Fresh & Local
North Cove Mushrooms: Growing Goes High-Tech
Column #50, Published Aug 31st, 2012

There is currently a food revolution going on. Locally grown food is making permanent inroads into the food we eat, and the way we think about food.

One of the new vendors at the Culpeper Farmersí Market this year is North Cove Mushrooms. Robin Burke extended an invitation to Terry and me to see their production facilities, so we took a short trip out to Brightwood.

I thought I knew a little bit about growing mushrooms, but that turned out not to be true. Years ago, someone I knew was growing shiitake mushrooms, so I went out to take a look. He had some oak logs out in his woods that he kept damp with a garden hose. I donít recall actually seeing any mushrooms, but that was the image I had of growing shiitake mushrooms.

Robin and her husband Eason built a high-tech, state-of-the-art mushroom growing facility that is unlike anything I have ever seen. It is built on ten acres from Easonís grandparentís Madison County farm.

The building itself has a steel frame, and the outside skin looks like the heaviest tarp that I have ever seen. Robin tells me that the skin is rubberized, three plies thick, and if it were ever punctured, it would seal itself.

Under the outside skin is thick fiberglass insulation, and finally a rubberized inside skin. This construction is not only heavily insulated, but the building is completely water and air tight. When the mushrooms are growing, they must be kept warm and in 95% humidity. This construction is ideal for maintaining that kind of environment.

Robin and Eason currently grow shiitake, and blue and yellow oyster mushrooms. They are getting ready to expand their offerings with maitakes, which are also known as hen-of-the-woods mushrooms.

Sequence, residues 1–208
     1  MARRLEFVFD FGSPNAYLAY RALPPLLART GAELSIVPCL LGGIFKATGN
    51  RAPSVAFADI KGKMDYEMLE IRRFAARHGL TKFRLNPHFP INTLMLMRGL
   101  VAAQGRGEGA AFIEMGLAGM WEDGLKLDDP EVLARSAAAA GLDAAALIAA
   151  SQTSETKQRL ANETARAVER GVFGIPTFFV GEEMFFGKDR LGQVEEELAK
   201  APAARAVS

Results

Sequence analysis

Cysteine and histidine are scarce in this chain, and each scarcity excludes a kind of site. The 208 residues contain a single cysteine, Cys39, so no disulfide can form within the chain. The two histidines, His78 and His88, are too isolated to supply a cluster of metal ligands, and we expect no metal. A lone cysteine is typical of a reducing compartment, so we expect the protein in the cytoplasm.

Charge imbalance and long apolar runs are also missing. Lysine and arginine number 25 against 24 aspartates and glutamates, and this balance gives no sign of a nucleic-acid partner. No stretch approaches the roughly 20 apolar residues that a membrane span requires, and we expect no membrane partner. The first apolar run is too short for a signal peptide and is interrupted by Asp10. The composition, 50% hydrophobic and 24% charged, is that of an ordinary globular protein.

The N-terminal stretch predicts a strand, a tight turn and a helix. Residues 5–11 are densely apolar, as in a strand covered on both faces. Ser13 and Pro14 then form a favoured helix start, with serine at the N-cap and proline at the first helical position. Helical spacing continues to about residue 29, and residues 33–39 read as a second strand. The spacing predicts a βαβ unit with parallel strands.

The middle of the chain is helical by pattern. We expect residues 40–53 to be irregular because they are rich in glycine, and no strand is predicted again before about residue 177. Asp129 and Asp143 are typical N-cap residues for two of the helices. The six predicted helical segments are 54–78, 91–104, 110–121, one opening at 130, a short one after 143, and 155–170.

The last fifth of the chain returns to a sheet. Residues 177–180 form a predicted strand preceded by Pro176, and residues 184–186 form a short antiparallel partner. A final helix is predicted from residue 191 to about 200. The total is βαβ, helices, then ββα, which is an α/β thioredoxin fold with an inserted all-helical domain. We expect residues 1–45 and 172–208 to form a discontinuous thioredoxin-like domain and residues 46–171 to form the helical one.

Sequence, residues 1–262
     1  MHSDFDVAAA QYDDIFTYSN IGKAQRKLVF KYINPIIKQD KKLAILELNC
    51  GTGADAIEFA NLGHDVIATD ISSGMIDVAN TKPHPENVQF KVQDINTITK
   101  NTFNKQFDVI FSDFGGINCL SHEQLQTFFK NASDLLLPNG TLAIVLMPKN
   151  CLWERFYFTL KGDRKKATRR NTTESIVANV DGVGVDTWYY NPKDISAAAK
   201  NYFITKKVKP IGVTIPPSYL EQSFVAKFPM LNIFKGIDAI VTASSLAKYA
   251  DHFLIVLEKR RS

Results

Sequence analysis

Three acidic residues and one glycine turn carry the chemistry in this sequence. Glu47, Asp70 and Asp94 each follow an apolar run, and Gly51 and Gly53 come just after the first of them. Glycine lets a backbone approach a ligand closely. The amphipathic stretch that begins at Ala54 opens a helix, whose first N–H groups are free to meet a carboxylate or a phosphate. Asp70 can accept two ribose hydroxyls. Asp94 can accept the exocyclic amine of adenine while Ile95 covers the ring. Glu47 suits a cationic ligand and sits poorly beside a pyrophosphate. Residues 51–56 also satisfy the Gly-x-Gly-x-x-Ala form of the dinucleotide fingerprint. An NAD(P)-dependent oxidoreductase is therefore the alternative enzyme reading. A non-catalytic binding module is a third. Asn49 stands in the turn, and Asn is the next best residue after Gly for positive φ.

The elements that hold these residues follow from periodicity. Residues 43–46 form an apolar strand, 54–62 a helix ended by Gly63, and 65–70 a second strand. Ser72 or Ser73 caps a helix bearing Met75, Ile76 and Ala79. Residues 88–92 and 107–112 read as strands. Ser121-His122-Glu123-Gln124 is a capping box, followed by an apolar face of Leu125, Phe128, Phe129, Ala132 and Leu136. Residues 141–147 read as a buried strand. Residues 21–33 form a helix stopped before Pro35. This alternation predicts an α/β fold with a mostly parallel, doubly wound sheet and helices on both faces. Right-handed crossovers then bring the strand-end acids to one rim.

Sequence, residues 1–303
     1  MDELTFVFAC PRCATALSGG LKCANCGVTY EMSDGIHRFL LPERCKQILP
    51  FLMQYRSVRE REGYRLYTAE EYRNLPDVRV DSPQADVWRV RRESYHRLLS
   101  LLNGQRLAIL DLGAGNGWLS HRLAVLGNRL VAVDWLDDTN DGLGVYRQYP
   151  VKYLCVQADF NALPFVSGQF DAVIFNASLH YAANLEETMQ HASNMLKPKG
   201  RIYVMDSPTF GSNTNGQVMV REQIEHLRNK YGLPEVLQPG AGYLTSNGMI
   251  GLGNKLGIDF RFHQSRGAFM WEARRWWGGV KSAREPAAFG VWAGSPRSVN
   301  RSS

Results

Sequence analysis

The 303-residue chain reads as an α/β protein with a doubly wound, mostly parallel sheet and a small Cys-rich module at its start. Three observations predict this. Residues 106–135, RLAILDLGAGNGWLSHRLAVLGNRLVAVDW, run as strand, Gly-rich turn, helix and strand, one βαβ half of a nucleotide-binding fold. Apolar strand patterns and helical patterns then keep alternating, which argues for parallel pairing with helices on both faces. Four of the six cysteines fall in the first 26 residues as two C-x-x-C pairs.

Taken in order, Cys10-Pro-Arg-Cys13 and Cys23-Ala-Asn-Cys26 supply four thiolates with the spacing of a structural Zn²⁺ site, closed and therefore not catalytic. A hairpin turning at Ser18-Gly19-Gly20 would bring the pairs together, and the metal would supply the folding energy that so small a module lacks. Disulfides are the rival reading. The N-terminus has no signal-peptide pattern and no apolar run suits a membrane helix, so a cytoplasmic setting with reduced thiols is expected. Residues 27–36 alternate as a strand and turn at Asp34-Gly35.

The varieties are each grown very differently. The shiitakes are grown on blocks made of oak chips and millet. The blocks look like they are maybe a foot long and 6 inches square. They buy the blocks with the spores already in them. Then they meticulously clean the blocks to remove every trace of mold, and then soak the blocks in water. The blocks are then moved to stainless steel racks in the growing room.

They start about 100 shiitake blocks each week.

The oyster mushrooms are grown in a mixture of straw and cotton seed hulls. Some of them are grown in plastic bags of the mixture hung from the ceiling. Holes are punched in the sides of the bags for the mushrooms. Some of the oyster mushrooms are grown in what are called filter patch bags on the stainless steel racks.

North Cove picks the mushrooms every day, so they are always fresh. They sell their mushrooms at three farmersí markets, including the Saturday morning Culpeper Farmersí Market. They also make deliveries to local area restaurants. Right now, about half their business comes from the farmersí markets, and half from the restaurants.

Mushrooms can be temperamental about their environment. When we had that ferocious wind storm five or six weeks ago, Robin and Eason lost their power for several days. Mushrooms, unlike green plants, give off CO2. Without electricity, the ventilation system was off and the CO2 built up to the point that it killed many of the mushrooms. The day Terry and I were there, they were installing a Generac propane generator.

These are specialty mushrooms with rich flavors. Robin assures me that roasted shiitakes taste like bacon. It is just one more example of the freshness and variety of locally grown food.


Bryant Osborn and his wife Terry own Corvallis Farms in Culpeper County. His column on fresh and locally grown food runs every Friday. He can be reached at bryant@corvallisfarms.com